(Bloomberg) -- Taiwan’s chief financial regulator is urging people to stop using life insurance as a way to make money and he points to his own family as part of the problem.

The widespread use of life insurance as a wealth-management product has made Taiwan into the most insured market in the world. But it has also created a level of competition and reckless offers that threaten the stability of an industry with $876 billion in assets, the Financial Supervisory Commission Chairman Wellington Koo said in an interview Monday.

“Insurance isn’t the same as savings. It’s not a wealth management product,” Koo said. “You shouldn’t take out an insurance policy instead of a wealth management product just because your bank only offers 1% on your savings.”

The problem is one Koo is personally aware of. The 60-year-old readily admits he and his wife, Taiwan’s deputy economics minister Wang Mei-hua, have nine high-return fixed term insurance policies between them. He says they were taken out on his behalf by his mother on the advice of staff at her local bank.

Taiwan’s insurers have seen huge success attracting new customers with fixed-term policies offering attractive returns, turning the economy into the most insured market in the world measured by total premiums to GDP, according to reinsurer Swiss Re AG. But slowing revenue growth, new international financial reporting standards and increasingly volatile currency markets could potentially put some companies at risk.

Taiwan’s life insurance companies controlled NT$27.5 trillion ($876 billion) in assets as of the end of March, according to the Taiwan Insurance Institute, dwarfing the island’s $567 billion economy. And while they raked in a record NT$3.5 trillion in premiums last year the rate of growth is slowing. After increasing as much as 13% in 2012, premium revenue grew only 1.4% in 1Q this year.

Koo is trying to persuade life insurance companies to shift away from attracting customers with high-interest returns in favor of stronger insurance protections to minimize the companies’ risk from high payouts to clients and volatile currency markets.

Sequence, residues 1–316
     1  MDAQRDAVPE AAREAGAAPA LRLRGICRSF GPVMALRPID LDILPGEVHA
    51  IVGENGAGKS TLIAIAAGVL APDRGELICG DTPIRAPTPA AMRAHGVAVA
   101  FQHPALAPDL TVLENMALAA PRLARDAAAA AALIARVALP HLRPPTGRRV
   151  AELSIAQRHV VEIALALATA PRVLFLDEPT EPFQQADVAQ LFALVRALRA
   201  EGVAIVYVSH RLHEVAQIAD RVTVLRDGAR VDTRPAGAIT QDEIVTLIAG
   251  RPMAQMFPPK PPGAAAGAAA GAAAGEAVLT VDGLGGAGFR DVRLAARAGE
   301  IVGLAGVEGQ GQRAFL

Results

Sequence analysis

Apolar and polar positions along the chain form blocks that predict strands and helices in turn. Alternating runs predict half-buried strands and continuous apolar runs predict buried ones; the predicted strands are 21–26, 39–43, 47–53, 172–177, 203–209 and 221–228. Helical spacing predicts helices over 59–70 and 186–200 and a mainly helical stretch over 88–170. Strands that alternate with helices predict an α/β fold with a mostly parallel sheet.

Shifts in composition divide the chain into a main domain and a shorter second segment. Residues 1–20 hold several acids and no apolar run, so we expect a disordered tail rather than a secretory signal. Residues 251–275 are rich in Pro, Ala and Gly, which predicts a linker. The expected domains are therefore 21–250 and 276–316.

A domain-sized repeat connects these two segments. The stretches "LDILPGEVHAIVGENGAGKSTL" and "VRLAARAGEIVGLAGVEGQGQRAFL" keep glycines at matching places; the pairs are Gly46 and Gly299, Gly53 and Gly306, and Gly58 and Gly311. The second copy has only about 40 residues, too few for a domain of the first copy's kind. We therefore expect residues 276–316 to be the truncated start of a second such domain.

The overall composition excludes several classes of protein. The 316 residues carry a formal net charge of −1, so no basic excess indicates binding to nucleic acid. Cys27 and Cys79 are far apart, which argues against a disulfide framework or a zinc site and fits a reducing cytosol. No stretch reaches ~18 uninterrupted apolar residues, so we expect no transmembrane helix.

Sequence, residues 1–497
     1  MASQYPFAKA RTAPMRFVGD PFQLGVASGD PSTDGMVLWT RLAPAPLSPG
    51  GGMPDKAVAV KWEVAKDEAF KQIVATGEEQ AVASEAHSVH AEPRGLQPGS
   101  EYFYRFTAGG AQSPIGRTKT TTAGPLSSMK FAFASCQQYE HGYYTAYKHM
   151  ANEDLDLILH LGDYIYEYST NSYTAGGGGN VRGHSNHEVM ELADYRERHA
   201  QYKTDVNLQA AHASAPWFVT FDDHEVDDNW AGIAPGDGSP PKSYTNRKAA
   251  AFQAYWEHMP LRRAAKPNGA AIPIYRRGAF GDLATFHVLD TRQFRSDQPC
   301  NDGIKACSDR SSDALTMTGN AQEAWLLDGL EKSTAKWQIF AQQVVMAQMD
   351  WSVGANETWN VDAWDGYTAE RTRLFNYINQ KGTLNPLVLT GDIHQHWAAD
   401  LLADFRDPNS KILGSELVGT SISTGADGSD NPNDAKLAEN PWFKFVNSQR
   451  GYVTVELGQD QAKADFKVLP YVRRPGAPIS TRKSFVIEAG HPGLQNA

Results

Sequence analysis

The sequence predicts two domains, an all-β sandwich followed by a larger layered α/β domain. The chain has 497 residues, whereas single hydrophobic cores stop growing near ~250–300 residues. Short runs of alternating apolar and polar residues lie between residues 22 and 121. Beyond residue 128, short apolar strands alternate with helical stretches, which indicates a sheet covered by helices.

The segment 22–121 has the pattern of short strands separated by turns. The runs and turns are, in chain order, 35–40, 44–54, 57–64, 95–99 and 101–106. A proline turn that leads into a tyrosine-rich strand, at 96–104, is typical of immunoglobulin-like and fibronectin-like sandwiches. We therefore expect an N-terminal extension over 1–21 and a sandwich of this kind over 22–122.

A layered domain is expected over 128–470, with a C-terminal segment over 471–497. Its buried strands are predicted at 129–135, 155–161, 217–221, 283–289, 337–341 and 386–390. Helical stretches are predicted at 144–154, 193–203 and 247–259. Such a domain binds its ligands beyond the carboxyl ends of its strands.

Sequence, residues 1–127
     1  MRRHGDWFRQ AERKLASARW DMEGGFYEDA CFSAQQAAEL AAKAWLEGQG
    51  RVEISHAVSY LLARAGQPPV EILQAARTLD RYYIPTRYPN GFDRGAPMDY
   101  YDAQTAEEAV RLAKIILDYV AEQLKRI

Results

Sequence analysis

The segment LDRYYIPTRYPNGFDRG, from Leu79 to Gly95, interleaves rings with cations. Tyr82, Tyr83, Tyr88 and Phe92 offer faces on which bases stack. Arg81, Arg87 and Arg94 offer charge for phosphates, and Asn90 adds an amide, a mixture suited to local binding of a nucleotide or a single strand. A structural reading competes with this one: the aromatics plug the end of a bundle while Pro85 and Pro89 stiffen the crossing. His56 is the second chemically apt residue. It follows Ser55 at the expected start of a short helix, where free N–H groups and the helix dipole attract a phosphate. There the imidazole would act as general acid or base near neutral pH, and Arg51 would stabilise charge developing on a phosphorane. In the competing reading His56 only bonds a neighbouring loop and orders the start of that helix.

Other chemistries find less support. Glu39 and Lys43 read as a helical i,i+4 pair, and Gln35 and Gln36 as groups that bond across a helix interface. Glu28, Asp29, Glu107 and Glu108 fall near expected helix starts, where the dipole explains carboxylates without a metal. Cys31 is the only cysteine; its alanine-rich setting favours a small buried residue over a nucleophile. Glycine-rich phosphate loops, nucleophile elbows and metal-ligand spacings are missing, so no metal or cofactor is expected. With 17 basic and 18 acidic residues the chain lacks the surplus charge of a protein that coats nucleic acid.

“Financial markets are not calm and predictable every single day,” Koo said. “When there is some volatility, you have to be able to deal with it. You have to be able to absorb a certain amount of losses.”

The FSC has already requested insurers to ensure protection-focused insurance policies make up at least 60% of their products. Next, Koo said, the regulator will start paying closer attention to the stability of insurers’ operations.

The shift in how insurers market their products to customers comes as the industry is preparing for the implementation of IFRS 17. The FSC aims to have Taiwan’s insurers in line with the new international accounting standards by 2025. Moody’s pointed to Taiwan’s insurance industry, alongside Germany’s and South Korea’s, as those most likely to be affected by IFRS 17 in a report in May.

Asked whether any insurers might need government assistance in order to adapt to the new regime, Koo said he was confident companies would manage the transition.

“I don’t think any insurers will be unable to respond in time.”

To contact the reporters on this story: Miaojung Lin in Taipei at mlin179@bloomberg.net;Samson Ellis in Taipei at sellis29@bloomberg.net

To contact the editors responsible for this story: John Liu at jliu42@bloomberg.net, Jeanette Rodrigues, Katrina Nicholas

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